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According to Digital Trends
Don’t assume self-driving cars will be the only autonomous vehicles on the road. BMW Group selected Magna’s solid-state lidar for future autonomous vehicle platforms, according to a news release. That announcement also may portend self-driving motorcycles, scooters, and even limousines.
For autonomous technology to be more than just a driver assist function, the system needs continuous, precise awareness. Trustworthy self-driving vehicles must sense the environment and road conditions as well as all other moving and still objects with extremely high degrees of accuracy.
For starters, autonomous cars need to prove they’re safer than human drivers. Autonomous vehicle controls with better judgment than some people display with current driver assist technology will be a tremendous relief.
Magna will collaborate with Innoviz Technologies to supply solid-state lidar components to BMW. Magna’s own complete autonomous MAX 4 platform uses the same solid-state lidar for vehicle vision, but the agreement with BMW Group is for Magna/Innoviz lidar only.
“Our strong system capability and expertise at the fundamental vehicle architecture level gives us the ability to provide scalable solutions for different levels of autonomy,” said Kelei Shen, president of Magna Electronics.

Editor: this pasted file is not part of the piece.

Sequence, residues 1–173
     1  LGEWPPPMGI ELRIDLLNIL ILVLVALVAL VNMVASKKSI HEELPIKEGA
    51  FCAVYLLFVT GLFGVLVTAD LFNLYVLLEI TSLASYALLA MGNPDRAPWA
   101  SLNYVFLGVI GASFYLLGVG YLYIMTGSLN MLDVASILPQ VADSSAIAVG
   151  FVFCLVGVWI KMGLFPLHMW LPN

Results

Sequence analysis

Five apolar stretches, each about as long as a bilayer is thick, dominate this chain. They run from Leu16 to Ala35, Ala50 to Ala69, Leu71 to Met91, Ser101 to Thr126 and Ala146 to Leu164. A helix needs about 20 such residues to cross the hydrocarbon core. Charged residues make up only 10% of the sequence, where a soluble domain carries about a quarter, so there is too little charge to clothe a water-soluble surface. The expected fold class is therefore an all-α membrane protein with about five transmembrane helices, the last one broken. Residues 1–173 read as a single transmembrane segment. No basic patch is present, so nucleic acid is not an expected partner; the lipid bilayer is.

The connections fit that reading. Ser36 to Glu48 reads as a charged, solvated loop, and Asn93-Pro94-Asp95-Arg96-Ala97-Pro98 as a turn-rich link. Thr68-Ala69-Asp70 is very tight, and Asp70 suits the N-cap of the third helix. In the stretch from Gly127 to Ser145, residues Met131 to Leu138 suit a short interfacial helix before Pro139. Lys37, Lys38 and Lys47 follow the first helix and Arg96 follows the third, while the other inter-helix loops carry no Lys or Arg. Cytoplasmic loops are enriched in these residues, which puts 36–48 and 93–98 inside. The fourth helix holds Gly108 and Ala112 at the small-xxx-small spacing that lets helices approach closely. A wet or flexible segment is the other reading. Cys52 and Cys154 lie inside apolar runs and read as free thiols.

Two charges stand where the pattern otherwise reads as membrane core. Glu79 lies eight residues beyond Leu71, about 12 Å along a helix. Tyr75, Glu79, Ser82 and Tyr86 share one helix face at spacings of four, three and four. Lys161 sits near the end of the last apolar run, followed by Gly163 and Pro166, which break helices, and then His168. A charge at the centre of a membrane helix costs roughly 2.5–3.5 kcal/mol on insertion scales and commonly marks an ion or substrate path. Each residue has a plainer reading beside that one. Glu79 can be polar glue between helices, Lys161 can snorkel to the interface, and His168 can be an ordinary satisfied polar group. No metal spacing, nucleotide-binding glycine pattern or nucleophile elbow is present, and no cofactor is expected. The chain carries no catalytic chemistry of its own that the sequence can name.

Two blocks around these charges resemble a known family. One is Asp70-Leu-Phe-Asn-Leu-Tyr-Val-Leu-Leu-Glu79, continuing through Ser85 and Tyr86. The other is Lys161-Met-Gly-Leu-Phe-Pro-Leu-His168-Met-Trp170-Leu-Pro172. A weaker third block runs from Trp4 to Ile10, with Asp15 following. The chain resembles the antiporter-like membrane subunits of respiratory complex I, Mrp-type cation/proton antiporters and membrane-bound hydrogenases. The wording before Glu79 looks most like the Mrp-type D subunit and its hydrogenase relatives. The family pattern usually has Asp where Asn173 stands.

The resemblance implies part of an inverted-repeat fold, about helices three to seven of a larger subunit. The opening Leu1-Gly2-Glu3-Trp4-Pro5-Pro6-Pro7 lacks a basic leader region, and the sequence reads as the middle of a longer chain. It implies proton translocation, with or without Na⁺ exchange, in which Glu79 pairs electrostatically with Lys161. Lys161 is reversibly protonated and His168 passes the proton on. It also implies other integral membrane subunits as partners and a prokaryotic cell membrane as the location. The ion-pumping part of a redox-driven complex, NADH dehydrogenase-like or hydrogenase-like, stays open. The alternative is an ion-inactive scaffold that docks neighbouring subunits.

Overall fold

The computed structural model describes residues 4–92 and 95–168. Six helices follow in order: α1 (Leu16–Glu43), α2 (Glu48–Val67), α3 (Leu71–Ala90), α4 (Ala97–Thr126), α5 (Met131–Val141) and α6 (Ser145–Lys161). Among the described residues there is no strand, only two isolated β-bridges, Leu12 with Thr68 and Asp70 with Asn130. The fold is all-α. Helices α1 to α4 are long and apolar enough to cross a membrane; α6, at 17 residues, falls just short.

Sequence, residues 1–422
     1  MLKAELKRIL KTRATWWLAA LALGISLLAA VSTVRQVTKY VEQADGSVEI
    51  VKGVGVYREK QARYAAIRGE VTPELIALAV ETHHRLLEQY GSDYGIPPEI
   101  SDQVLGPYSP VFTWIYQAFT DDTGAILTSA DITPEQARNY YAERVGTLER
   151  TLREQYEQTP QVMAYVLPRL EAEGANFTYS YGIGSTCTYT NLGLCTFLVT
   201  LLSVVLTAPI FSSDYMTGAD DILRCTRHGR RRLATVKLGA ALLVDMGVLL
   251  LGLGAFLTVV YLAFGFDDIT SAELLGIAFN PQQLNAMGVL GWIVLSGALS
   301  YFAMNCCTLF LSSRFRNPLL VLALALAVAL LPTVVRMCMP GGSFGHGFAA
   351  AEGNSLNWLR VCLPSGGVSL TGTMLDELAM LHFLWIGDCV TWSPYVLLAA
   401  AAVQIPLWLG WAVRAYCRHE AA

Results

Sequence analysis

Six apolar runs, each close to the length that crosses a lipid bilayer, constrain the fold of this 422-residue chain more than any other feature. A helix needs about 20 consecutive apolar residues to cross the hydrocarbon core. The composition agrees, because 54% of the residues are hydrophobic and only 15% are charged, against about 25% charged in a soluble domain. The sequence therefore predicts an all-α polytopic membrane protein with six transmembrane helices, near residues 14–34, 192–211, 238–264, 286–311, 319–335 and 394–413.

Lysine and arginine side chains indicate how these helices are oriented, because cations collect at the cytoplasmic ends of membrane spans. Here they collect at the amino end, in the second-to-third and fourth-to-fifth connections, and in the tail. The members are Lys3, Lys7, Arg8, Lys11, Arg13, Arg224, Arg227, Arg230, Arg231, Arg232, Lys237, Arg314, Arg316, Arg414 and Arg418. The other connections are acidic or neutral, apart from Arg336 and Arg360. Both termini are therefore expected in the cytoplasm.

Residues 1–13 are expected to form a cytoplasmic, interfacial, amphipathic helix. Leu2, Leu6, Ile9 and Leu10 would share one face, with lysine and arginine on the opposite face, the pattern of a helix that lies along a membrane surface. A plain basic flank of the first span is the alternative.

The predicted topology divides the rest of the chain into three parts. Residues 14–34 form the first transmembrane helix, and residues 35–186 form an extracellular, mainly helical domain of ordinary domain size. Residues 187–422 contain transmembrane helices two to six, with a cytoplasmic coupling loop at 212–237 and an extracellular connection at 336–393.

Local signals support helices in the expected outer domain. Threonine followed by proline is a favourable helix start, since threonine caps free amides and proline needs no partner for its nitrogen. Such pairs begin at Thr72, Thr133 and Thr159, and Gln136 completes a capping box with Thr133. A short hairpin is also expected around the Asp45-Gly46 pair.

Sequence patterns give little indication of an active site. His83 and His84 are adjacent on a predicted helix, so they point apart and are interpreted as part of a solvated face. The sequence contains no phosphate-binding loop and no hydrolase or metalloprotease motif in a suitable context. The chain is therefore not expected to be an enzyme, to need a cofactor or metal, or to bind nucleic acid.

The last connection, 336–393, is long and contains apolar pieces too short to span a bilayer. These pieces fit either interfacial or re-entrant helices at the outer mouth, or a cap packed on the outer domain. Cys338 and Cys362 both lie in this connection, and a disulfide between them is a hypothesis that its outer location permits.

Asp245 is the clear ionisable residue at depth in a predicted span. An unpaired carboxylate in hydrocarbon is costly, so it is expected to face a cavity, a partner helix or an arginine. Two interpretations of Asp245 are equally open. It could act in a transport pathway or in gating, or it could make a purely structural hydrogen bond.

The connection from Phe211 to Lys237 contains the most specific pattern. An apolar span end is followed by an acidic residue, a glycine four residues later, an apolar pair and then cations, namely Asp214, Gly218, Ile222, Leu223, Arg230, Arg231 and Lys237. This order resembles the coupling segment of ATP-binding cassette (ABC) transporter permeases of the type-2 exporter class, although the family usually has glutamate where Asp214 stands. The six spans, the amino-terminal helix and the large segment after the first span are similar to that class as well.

Other than the significant exception of Tesla CEO Elon Musk, lidar is the hands-down consensus choice for Level 4 vehicle autonomy and above. With a Level 4 autonomous vehicle, you can read books, watch movies, play games, or take a nap with confidence you’ll arrive at your destination safely.
Lidar bounces light waves off objects to determine their position and distance. Lidar can pinpoint position to a 4-inch circle. Four inches of precision isn’t tight enough for brain surgery, but it’s more than ample for vehicles and far greater than what’s possible with cameras or radar. Multiple lidar bounce-backs enable 3D vision. By incorporating lidar arrays in solid-state electronics, size and cost will be cut drastically.
Magna made no statements about whether BMW Group will use Magna/Innoviz solid-state lidar exclusively in its forthcoming autonomous vehicles or if the light-bouncing tech will work in conjunction with radar and cameras. Magna’s MAX 4 utilizes lidar, radar, cameras, and ultrasonic sensors to signal the advanced driver assistance system (ADAS) central computing module.
You may be able to visualize a driverless Rolls Royce Phantom cruising through town, but how about an autonomous BMW touring motorcycle? No one’s saying BMW is developing self-driving motorcycles, but adding vehicle autonomy and self-balancing technology to the two-wheelers would go a long way toward removing safety concerns.
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